Psoriasis is a great example of this; psoriasis is an immune-mediated inflammatory pathology of the skin that manifests itself as an increase in skin cell growth and turnover. Psoriasis is a T-cell-mediated pathology, this is an important factor to note when understanding the therapeutic role chaga can play in supporting the healing of this condition. The beta-glucans present in chaga allow the body to recognise and label potentially problematic cells. This allows the immune system to elevate its response against undesirable rapidly growing cells. In the case of chaga and psoriasis, this innate relationship between the human immune system and the fungal polysaccharides gives an insight into how the mushroom may benefit the condition.

Additionally, the antioxidants we spoke about earlier can also play a key role in preventing skin degeneration (hello wrinkles), discolouration and acne whilst maintaining skin elasticity and brightness. 

Chaga regulates blood sugar levels 

Research has shown that chaga mushroom extracts can enhance insulin sensitivity, which is crucial for maintaining balanced blood sugar levels. Improved insulin sensitivity allows cells to respond more effectively to insulin, enabling better glucose uptake from the bloodstream, which ultimately helps regulate blood sugar levels. Chaga mushroom has also been shown to inhibit alpha-glucosidase, an enzyme responsible for breaking down complex carbohydrates into simple sugars. By inhibiting this enzyme, chaga can slow down the absorption of glucose from the digestive system into the bloodstream, preventing rapid spikes in blood sugar levels. 

Chaga is an adaptogenic herb that can support the nervous system 

An adaptogen is a natural substance, typically a plant or herb, that helps the body adapt to various stressors, both physical and psychological, and maintain balance or homeostasis. If you are new to the world of adaptogens and tonic herbs, check out our article ‘How To Start Working With Adaptogenic Herbs’ to get a better understanding.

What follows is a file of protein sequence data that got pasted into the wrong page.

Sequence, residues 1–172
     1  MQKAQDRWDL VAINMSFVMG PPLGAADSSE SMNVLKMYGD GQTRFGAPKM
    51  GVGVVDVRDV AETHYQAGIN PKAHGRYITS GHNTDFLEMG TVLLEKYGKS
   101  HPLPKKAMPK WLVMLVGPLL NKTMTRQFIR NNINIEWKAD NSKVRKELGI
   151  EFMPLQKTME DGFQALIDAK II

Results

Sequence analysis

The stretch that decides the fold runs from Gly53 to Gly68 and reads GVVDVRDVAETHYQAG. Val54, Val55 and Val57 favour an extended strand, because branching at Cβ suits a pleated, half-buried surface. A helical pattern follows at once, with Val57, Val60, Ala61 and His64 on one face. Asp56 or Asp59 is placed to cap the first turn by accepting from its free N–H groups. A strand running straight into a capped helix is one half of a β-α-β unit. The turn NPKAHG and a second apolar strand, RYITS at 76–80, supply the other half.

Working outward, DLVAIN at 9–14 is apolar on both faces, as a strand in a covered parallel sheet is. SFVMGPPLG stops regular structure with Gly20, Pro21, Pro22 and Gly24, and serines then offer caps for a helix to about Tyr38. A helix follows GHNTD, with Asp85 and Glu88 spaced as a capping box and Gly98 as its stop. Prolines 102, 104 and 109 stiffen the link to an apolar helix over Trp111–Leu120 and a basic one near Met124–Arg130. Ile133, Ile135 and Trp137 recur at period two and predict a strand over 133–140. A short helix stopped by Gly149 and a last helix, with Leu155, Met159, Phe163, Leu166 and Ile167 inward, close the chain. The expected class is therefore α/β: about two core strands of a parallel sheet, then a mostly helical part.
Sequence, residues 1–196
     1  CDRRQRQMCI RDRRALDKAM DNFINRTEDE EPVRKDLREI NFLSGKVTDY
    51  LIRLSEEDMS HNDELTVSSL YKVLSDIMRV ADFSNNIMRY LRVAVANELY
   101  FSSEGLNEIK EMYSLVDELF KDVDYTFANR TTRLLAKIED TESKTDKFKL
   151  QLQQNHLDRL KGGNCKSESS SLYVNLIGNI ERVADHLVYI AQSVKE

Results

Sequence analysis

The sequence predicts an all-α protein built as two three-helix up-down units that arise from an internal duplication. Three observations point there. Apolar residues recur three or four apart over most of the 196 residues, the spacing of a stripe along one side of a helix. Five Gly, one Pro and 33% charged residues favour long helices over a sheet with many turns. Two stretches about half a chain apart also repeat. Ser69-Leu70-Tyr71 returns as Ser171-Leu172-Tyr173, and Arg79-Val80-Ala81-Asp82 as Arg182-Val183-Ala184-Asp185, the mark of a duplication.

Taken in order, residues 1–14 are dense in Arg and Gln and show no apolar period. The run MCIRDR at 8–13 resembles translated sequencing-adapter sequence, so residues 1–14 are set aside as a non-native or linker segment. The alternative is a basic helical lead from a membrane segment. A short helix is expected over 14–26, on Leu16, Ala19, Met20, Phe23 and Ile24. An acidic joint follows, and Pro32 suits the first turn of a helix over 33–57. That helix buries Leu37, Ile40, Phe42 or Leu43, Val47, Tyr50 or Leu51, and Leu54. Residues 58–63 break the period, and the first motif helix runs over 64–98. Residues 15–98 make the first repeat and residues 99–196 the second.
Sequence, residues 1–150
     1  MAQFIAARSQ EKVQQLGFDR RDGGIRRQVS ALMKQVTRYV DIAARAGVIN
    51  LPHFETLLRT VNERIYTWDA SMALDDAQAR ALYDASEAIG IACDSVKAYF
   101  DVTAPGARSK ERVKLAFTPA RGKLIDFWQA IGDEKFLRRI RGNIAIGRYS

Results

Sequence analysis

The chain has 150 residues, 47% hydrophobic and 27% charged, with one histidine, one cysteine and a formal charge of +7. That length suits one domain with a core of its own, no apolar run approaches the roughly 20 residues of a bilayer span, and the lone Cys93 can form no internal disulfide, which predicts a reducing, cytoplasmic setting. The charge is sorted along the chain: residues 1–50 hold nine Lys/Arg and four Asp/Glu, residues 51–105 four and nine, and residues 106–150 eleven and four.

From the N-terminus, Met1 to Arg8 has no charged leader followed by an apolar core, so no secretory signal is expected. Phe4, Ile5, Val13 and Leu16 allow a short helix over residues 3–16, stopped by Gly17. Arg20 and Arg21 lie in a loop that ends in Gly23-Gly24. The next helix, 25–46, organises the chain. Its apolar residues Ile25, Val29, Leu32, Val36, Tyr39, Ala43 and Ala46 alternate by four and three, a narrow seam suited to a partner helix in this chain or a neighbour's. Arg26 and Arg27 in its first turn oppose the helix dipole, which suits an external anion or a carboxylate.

Basically, adaptogens like chaga can help the body cope with physical, emotional, and environmental stressors more effectively. They act as stress regulators by modulating the body's stress hormones, such as cortisol, and promoting a balanced stress response. By reducing excessive cortisol levels, chaga can alleviate the negative effects of chronic stress on the body, including fatigue, anxiety, and immune system suppression. This in turn can have a positive impact on sleep quality, which in turn supports the entire body to regenerate and maintain equilibrium. Another medicinal mushroom we love to support sleep is reishi mushroom, check out our article Why Reishi Mushroom Can Help You Sleep Better’ if getting better sleep is on the top of your list right now. 

References

The Ancient Wisdom of the Chinese Tonic Herbs by Ron Teeguarden

The Foundations of Chinese Medicine: Third Edition by Giovanni Maciocia

A Handbook of Chinese Healing Herbs by Daniel Reid 

https://www.ncbi.nlm.nih.gov/pmc/articles/PMC8124789/

https://pubmed.ncbi.nlm.nih.gov/33640441/

https://www.ncbi.nlm.nih.gov/pmc/articles/PMC3932689/

https://pubmed.ncbi.nlm.nih.gov/15588653/

https://www.ncbi.nlm.nih.gov/pmc/articles/PMC5309192/

https://www.sciencedirect.com/science/article/pii/S2225411020309809